Florida justices asked to reconsider overturning death sentence for Bessman Okafor

by

comment
PHOTO VIA FLORIDA DEPARTMENT OF CORRECTIONS
  • Photo via Florida Department of Corrections
Attorney General Pam Bondi's office has asked the Florida Supreme Court to reconsider a ruling that overturned the death sentence of a man convicted in a high-profile home invasion murder in Orange County.

The state late Friday filed a motion for a rehearing in the case of Bessman Okafor, who was found guilty of murdering Alex Zaldivar in an Ocoee home in 2012. Okafor was sentenced to death, but the Supreme Court on June 8 ruled that he should receive a new sentencing hearing.



Justices pointed to a 2016 U.S. Supreme Court ruling in a case known as Hurst v. Florida and a subsequent Florida Supreme Court decision. The 2016 U.S. Supreme Court ruling found Florida's death-penalty sentencing system was unconstitutional because it gave too much authority to judges, instead of juries. The subsequent Florida Supreme Court ruling said juries must unanimously agree on critical findings before judges can impose death sentences and must unanimously recommend the death penalty.

In Okafor's case, the jury voted 11-1 to recommend death.



"To find the error harmless in this case, we would be required to speculate why one juror was 'persuaded that death was not the appropriate penalty,'" a majority of the Supreme Court ruled. But in the motion filed Friday, Bondi's office asked the Supreme Court to reconsider the issue of "harmless error" in the Okafor case. The motion said Okafor murdered Zaldivar and wounded two other people because of concerns Zaldivar would testify against him in an earlier home-invasion case.

"(A) properly instructed jury would have undoubtedly determined that the death penalty was the appropriate sentence for Okafor, considering the irrefutable evidence that he murdered Zaldivar to keep the victim from testifying at Okafor's upcoming home invasion robbery trial," the motion said. "Okafor meticulously planned the murder. While out of jail on home confinement, Okafor arranged for weapons, a hoodie and gloves to use during the second break-in at the house. He asked people to serve as look-outs, advising them to listen for sirens and call him if they heard any. Okafor gathered people to help him invade the home in the middle of the night, rouse the occupants out of bed and force them at gunpoint to lie on the floor."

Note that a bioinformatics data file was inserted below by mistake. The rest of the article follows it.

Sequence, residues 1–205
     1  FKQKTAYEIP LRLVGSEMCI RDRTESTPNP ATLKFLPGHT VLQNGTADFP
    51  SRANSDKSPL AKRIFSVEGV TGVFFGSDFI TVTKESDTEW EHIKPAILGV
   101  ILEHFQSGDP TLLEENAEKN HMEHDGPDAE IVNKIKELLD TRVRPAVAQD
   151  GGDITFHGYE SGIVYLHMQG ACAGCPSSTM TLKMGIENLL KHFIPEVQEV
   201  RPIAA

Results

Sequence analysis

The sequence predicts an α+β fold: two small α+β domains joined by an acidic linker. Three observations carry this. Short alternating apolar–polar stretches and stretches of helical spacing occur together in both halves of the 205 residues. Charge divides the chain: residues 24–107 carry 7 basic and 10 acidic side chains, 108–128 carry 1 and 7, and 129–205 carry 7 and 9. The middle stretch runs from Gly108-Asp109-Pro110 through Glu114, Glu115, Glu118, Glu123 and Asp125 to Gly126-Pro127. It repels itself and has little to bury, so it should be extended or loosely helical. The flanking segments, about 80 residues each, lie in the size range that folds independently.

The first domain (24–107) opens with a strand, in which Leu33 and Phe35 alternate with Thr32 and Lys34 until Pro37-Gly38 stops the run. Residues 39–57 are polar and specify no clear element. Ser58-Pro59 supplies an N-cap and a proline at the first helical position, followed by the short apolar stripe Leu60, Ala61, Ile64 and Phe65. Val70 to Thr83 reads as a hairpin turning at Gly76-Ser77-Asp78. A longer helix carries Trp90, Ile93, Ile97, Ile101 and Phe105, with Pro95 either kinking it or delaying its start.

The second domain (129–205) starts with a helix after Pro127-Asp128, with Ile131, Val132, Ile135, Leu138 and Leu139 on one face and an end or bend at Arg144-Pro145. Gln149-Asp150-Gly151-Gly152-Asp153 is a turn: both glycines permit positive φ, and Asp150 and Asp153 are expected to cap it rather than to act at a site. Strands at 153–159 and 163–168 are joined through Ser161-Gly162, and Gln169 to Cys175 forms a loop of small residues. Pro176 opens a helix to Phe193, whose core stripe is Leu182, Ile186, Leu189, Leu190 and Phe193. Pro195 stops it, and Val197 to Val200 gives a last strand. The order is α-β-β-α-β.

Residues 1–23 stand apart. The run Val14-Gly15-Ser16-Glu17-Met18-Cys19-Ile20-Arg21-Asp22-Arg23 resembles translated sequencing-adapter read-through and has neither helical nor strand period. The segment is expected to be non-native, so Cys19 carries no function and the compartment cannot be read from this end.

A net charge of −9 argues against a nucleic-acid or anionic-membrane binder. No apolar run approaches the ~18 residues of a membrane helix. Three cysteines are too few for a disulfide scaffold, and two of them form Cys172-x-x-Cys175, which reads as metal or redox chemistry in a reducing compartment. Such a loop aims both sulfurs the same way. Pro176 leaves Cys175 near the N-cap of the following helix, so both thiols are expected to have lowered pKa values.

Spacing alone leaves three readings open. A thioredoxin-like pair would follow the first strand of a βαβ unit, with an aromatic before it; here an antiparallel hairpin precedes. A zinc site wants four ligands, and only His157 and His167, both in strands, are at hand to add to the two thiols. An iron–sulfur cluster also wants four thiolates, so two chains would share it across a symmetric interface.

We welcome readers to submit letters regarding articles and content in Orlando Weekly. Letters should be a minimum of 150 words, refer to content that has appeared on Orlando Weekly, and must include the writer's full name, address, and phone number for verification purposes. No attachments will be considered. Writers of letters selected for publication will be notified via email. Letters may be edited and shortened for space.

Email us at feedback@orlandoweekly.com.

Orlando Weekly works for you, and your support is essential.

Our small but mighty local team works tirelessly to bring you high-quality, uncensored news and cultural coverage of Central Florida.

Unlike many newspapers, ours is free – and we'd like to keep it that way, because we believe, now more than ever, everyone deserves access to accurate, independent coverage of their community.

Whether it's a one-time acknowledgement of this article or an ongoing pledge, your support helps keep Orlando’s true free press free.